“This project gave us a great opportunity to showcase the PHIL test-bed that we’ve developed at PNDC,” said Kyle Jennett, the PNDC MOD programme technical lead, in a UK MoD statement. “This test bed lets us connect real-world hardware, like the FESS, to simulated naval platforms to evaluate the impact on the ship during different operational scenarios.”
In the future, this technology could ease the integration of next-generation weaponry onto naval vessels, including the UK Dragonfire, which is being developed by DSTL and UK industry as part of the laser directed energy weapon capability demonstrator programme. It is hoped that in the future UK DragonFire will drastically reduce the cost of engagements, as well as providing crews with a range of options for defeating incoming vessels, drones and indirect-fire attacks. In the US, there is also a flurry of activity on directed energy weapons, as well as electromagnetic railguns that can propel solid projectiles at hypersonic velocities. (Source: army-technology.com)
23 Oct 19. Vulcano 155mm ammunition qualification tests nearing completion. Diehl Defence has announced that qualification tests for the Vulcano 155mm ammunition are nearing completion. Leonardo and Diehl Defence developed the Vulcano family of precision-guided munition for the 127mm naval guns and 155mm land artillery systems under a contract with Germany and Italy. The companies also completed the qualification programme of the Vulcano 127mm weapon system and achieved compatibility with all 127mm and 155mm systems.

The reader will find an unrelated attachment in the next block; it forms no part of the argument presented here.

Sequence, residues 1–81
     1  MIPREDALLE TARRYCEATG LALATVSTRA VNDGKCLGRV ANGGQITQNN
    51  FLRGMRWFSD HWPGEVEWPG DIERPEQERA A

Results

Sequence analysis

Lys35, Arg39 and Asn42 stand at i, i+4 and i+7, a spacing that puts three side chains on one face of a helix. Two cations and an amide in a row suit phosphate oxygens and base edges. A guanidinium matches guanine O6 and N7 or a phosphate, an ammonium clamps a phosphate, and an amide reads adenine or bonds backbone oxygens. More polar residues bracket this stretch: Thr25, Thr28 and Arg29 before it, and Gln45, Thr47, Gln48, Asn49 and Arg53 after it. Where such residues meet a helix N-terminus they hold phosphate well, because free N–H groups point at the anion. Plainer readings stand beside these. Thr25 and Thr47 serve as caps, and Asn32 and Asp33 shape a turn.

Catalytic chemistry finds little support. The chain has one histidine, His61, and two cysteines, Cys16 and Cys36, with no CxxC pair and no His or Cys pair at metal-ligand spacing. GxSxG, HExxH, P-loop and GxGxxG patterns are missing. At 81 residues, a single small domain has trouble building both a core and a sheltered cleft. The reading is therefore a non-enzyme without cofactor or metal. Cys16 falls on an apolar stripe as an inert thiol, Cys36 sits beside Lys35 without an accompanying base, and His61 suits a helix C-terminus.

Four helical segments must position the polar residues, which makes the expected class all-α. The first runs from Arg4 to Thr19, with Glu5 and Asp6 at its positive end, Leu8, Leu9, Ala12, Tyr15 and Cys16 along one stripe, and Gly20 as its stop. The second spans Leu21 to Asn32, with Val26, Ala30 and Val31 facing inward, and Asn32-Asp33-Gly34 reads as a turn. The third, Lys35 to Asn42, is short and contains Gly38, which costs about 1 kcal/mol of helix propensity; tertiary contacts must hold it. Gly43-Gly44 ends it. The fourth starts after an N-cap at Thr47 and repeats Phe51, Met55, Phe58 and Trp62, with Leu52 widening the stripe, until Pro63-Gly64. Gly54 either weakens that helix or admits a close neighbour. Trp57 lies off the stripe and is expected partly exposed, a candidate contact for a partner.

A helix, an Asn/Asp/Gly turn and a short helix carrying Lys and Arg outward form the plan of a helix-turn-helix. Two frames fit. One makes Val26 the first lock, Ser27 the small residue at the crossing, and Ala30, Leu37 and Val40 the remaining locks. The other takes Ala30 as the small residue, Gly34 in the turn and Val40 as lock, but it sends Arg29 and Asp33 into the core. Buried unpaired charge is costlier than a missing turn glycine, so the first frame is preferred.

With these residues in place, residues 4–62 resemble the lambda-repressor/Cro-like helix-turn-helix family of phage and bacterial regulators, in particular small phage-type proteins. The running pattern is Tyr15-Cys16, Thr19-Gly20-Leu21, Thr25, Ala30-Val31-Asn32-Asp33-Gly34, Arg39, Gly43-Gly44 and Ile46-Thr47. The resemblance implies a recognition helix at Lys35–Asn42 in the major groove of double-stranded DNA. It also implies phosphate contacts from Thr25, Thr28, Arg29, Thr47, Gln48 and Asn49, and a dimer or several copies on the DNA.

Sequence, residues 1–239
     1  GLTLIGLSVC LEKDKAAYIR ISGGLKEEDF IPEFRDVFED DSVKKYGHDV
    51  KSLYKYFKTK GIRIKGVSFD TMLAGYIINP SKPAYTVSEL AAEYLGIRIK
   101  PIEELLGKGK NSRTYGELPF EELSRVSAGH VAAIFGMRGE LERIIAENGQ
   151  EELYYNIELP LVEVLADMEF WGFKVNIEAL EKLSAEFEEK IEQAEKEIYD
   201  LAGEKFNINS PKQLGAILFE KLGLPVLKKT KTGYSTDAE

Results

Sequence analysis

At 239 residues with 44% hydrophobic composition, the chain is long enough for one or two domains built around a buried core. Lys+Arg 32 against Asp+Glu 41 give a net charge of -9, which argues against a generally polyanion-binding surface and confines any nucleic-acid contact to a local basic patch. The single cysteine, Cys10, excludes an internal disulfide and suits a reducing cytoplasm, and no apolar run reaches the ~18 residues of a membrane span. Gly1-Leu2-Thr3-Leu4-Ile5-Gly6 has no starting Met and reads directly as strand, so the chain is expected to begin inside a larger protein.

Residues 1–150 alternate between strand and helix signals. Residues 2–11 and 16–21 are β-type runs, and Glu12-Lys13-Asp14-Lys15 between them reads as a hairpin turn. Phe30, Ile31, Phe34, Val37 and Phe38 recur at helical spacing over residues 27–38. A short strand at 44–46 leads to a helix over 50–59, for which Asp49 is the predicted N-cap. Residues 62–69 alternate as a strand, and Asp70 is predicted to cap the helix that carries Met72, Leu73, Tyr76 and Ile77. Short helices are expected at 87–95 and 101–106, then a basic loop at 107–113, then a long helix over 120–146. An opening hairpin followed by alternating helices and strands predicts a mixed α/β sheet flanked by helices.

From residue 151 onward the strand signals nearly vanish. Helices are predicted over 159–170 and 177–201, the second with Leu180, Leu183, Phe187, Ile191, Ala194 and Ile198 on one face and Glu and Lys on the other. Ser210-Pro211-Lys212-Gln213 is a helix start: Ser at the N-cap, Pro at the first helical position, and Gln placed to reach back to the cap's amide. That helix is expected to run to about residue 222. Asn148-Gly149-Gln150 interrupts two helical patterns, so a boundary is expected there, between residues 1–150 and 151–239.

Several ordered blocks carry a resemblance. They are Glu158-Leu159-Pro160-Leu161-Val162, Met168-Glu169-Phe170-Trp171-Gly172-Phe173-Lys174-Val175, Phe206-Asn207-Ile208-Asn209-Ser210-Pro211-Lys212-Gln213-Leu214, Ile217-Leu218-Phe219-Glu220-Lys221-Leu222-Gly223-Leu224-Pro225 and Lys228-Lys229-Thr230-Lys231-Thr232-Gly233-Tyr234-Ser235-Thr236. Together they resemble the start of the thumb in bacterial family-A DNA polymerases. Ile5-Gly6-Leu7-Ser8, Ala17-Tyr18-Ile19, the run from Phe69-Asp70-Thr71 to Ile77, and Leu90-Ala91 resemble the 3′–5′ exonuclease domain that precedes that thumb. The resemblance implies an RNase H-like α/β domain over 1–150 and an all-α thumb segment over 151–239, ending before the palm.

Diehl Defence stated that the 127/155mm ammunition family is undergoing testing for operational use by the Italian Navy and artillery.
In a statement, Diehl Defence said: “The fire command unit ‘pFCU’ with the embedded fire command computation programme ‘NABK’ was successfully tested by the artillery for the army ammunition V155mm and is used with its weapon systems FH70 and PzH2000.”
The company is also planning to undertake operational suitability test for Vulcano 127mm on the German Navy’s F125 Baden-Württemberg-class frigate.
Leonardo and Diehl are currently integrating Vulcano 155mm into the PzH2000 weapon system for the German Army.
The ammunition is expected to provide extended range and precision for howitzers.
While the Vulcano 155 will deliver a range of 70km, the Vulcano 127 is designed to provide an operative range of 80km.
Diehl Defence added: “The ammunition family reaches highest target accuracy through the unique combination of satellite-based navigation with laser or infrared-sensors for terminal homing.
“This makes the Vulcano family the most accurate artillery ammunition for land and naval applications worldwide.”
Vulcano 155mm projectile is a sub-calibre, fin-stabilised airframe loaded with insensitive explosive tungsten rings.
The high-explosive (IHE) warhead can be used against vehicles, semi-armoured vehicles, and infantry command posts.
The programming kits of the weapon systems support either fully integrated or standalone operations. (Source: army-technology.com)
23 Oct 19. Russia develops new 57mm combat module. Rostec’s High-Precision Weapons Company (HPWC) is developing a new weapon system armed with the 2A91 57mm cannon for use on Russia’s armoured vehicles, Sergey Abramov, a Rostec industrial director, told the TASS news agency on 22 October. The Russian Ministry of Defence is considering a 57 mm weapon system to arm its BMP-3 and T-15 infantry fighting vehicles (IFVs). Abramov said Rostec had presented two options to meet the requirement: the AU-220M ‘Baikail’ developed by Uralvagonzavod’s Burevestnik Central Research Institute and the system being developed by HPWC.